TRADITIONAL IOT PLATFORMS connect relatively big things, like cars, appliances, and shipping containers. An emerging technology called ambient IoT promises to link components within those products, plus a wide range of other tiny devices, creating what’s sometimes called the “Internet of Trillions of Things.”
Ambient IoT promises to revolutionize asset tracking and so much more. New low-cost tags and improved software make it possible to track a wide variety of physical objects—and even monitor conditions. For example, the technology can monitor perishable food items at every step of the journey, automate reverse logistics, track assets and equipment, thwart counterfeiting through item-level validation, and analyze carbon output as goods travel through a supply chain and rely on different forms of transportation at different costs.
“Ambient IoT enables even the smallest items to be connected to the Internet using a small energy-harvesting chip with [a] flexible form factor,” explains Adhish Luitel, senior analyst at ABI Research. “It delivers real-time triggers and information about location and condition at a minimal cost, using existing wireless infrastructure, without human intervention.”
For channel pros, ambient IoT represents an opportunity to help clients improve efficiency, reduce costs, and optimize supply chains. It has applicability across industries as diverse as manufacturing, healthcare, and transportation. “It’s here and it delivers clear benefits,” says Steve Statler, chief marketing officer and ESG lead for Wiliot, which produces ambient IoT devices.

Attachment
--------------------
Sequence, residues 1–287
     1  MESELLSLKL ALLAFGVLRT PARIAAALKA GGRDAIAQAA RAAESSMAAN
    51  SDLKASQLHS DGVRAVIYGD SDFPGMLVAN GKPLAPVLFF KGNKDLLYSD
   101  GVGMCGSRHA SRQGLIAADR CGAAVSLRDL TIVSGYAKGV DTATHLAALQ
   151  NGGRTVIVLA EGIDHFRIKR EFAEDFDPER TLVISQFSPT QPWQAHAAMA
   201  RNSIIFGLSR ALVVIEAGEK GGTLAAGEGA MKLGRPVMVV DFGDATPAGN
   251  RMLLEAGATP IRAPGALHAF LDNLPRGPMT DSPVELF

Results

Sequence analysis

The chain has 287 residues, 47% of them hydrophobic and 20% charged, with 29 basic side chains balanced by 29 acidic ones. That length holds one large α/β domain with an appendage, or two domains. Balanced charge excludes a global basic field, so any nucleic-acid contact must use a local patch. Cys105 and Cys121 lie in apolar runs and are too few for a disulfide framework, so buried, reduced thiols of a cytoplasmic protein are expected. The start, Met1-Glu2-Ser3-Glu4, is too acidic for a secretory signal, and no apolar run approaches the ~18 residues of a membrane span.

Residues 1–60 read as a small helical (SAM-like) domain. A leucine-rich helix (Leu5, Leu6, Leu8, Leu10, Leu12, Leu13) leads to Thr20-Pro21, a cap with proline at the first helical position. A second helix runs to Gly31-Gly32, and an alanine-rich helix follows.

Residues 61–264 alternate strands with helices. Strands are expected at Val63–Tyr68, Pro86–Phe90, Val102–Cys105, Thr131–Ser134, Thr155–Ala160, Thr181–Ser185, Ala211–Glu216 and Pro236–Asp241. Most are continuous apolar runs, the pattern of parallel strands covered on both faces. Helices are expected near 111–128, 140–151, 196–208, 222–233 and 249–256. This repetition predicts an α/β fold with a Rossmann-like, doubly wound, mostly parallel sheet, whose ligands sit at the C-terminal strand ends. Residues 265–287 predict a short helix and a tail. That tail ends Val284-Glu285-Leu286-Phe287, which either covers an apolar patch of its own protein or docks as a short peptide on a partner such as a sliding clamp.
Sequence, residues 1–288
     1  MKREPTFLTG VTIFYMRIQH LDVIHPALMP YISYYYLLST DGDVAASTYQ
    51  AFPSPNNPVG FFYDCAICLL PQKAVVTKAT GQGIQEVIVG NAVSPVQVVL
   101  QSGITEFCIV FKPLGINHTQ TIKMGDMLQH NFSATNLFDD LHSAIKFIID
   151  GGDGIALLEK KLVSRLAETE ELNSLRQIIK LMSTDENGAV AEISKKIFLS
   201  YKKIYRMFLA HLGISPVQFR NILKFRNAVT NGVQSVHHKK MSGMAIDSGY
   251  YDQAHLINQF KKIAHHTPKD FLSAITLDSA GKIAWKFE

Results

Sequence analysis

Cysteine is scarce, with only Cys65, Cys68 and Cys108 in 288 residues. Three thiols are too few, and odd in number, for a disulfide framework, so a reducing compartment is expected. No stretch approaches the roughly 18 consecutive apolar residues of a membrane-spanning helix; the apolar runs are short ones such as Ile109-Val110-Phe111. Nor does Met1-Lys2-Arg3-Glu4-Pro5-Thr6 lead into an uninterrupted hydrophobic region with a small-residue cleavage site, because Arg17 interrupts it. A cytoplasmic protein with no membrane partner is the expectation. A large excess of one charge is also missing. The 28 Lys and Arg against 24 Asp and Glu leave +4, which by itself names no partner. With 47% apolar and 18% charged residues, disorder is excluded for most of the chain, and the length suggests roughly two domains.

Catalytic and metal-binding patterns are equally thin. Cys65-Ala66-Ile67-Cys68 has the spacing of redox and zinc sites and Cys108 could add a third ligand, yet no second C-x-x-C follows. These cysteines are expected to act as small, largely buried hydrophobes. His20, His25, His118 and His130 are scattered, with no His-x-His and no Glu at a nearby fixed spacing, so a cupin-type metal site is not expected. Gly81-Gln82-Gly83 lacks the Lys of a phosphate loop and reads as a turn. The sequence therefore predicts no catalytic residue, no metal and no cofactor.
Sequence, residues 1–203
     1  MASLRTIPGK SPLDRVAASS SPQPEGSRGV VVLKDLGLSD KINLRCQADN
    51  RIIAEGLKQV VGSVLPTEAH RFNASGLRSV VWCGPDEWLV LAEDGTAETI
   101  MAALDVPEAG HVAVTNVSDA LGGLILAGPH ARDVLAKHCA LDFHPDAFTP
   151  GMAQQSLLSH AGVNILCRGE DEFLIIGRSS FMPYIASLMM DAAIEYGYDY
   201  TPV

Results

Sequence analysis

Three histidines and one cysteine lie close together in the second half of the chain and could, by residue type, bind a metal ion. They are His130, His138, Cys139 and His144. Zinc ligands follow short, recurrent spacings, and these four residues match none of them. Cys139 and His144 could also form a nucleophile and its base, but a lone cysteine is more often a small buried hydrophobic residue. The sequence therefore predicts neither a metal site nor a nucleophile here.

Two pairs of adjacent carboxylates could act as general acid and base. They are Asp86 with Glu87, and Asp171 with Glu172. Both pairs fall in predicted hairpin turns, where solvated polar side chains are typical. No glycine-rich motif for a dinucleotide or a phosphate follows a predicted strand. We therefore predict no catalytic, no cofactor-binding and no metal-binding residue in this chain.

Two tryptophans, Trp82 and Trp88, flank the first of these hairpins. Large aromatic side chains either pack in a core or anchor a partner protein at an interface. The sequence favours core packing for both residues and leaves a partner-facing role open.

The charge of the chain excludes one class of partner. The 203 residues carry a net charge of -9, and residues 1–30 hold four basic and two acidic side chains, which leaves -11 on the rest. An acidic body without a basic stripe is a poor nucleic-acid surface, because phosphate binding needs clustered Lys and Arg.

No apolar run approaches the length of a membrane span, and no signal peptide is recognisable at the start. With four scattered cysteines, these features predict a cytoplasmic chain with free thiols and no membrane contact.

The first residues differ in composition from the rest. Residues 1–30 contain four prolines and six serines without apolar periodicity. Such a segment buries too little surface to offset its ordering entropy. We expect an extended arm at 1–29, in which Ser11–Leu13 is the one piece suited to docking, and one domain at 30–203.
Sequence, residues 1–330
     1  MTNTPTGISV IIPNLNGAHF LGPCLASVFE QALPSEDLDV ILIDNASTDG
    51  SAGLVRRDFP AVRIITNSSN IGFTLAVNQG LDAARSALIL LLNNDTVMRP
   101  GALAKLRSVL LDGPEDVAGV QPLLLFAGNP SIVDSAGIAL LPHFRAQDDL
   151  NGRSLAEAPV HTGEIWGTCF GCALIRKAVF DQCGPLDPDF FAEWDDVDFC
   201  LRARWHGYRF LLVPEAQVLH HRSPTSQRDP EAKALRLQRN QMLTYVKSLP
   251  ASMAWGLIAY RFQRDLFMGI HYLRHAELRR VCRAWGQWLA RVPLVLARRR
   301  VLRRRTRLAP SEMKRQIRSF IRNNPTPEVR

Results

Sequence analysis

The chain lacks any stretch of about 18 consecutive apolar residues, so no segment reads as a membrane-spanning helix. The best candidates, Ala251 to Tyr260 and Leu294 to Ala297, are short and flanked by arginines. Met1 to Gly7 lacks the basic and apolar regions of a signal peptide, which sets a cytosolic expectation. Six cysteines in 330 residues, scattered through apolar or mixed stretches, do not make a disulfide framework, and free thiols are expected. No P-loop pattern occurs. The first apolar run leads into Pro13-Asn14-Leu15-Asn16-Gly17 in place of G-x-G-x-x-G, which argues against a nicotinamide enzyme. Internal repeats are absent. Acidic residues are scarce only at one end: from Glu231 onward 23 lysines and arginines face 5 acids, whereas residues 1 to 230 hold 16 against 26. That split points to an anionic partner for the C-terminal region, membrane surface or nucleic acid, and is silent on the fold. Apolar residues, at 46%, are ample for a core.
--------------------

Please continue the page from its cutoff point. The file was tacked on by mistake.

Devices Get Tiny
What makes ambient IoT so attractive is the ability to incorporate nearly any package, pallet, or item into the IoT—at an affordable cost. Unlike RFID, which requires readers and provides an irregular snapshot of movement, ambient IoT delivers a real-time motion picture, along with sensing capabilities.
ABI Research forecasts that the size of the addressable market for these devices could reach 6 trillion units in the food industry alone. Ambient IoT in other industries could reach into hundreds of billions within the next several years.
Wiliot’s ambient IoT framework is already gaining traction with food producers, pharma, and others, Statler says. The company has introduced a postage-size printable tag called a “Pixel” that incorporates an active radio. The device, which costs about 10 cents to produce, doesn’t require a battery. Instead, it pulls energy from ambient radio waves, and it includes ROM flash memory built into an ARM processor.
A user assigns a digital ID to each tag, which is then attached to an item. The Pixel establishes a persistent connection using Bluetooth Low Energy (BLE). The device can also transmit temperature and humidity data. “This introduces a live view of the location and state of a product,” Statler explains.
Wiliot’s IoT-as-a-service platform allows organizations to build out edge computing models and gain actionable insights through machine learning and artificial intelligence. “Ambient IoT is not just IoT chips, there's connectivity and data processing elements to it too,” observes Luitel.